As the first speaker Leonard Houx alluded to, some people perceive that there is a divide between the learning design and instructional design communities based in part on different views as to which pedagogical approaches are most effective. Some people find the word ‘instruction’ problematic as for them it connotes a more transmissive didactic pedagogy. Another view is that there is considerable evidence supporting the pedagogic effectiveness of what is termed direct instruction. Dylan Wiliam’s recent tweet on this led to an interesting debate on Twitter between those who find a direct instruction approach useful and those who advocate for what might loosely be termed more socio-constructivist approaches. A good summary relating to direct instruction can be found in Barak Rosenshine’s ‘Principles of Instruction Research-Based Strategies That All Teachers Should Know‘.
To slightly complicate matters in Teaching as a Design Science (2012), Diana Laurillard states her preference for the term ‘designing for learning’ as this term “maintains the focus on the learner” and “is more apt than ‘learning design,’ which carries with it a sense that we can design learning; we cannot. But we can do our best to design for learning, in the sense that we create the environment and conditions within which the students find themselves motivated and enabled to learn”. Learning Design is also concerned with how designs can be described, shared and re-purposed and Laurillard has described these designs as “pedagogical patterns”.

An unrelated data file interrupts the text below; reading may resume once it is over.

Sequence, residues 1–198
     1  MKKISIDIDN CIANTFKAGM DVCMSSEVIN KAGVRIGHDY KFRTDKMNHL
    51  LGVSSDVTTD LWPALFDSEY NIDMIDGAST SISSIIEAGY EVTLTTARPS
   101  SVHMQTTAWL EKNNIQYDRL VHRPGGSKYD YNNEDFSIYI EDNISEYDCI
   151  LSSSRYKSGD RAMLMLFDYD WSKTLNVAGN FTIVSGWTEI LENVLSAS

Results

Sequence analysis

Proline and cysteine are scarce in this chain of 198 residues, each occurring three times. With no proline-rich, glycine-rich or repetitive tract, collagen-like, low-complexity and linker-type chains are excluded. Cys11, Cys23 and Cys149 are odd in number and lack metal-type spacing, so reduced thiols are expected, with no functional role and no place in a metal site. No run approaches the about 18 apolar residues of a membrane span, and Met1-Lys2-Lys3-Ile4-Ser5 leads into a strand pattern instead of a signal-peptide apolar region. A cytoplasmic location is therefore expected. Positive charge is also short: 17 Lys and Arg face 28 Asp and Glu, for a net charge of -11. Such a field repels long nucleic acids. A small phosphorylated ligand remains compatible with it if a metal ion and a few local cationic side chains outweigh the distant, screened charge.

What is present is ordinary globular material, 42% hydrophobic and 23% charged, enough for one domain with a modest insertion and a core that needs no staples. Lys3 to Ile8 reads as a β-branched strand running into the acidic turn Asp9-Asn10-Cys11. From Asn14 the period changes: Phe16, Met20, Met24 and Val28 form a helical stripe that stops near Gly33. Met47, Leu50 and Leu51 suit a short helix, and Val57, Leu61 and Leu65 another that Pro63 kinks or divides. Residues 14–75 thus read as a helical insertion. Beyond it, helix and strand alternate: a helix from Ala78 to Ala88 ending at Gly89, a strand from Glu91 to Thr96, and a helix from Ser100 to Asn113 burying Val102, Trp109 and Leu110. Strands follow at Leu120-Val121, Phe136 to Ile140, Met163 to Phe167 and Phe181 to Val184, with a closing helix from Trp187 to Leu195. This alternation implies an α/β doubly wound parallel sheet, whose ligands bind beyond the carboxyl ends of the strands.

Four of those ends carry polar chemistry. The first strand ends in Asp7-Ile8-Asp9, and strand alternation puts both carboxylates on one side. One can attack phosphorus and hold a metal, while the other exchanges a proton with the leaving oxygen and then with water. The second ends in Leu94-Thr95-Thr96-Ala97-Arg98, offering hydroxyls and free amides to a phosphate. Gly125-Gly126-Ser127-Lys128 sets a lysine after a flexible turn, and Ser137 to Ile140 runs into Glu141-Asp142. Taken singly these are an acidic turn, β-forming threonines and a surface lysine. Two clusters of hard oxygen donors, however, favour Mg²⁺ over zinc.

The panel discussion
Unfortunately there was not much time for the panel discussion which I felt was perhaps a missed opportunity as there were five excellent panel members coming from both higher education (Mira Vogel from Kings’ College London and Leonard Houx from Cass Business School) and commercial education providers (Ajmal Sultany from Pearson, Matt Jenner from FutureLearn and Maria Toro-Troconis from Cambridge Education group). There were also a lot of people in the room from varied backgrounds and with interesting points of view who had plenty of questions for the panel. At future events I think it may be worth exploring giving more time to a panel with audience and Twitter questions and having fewer presentations.
The future of learning design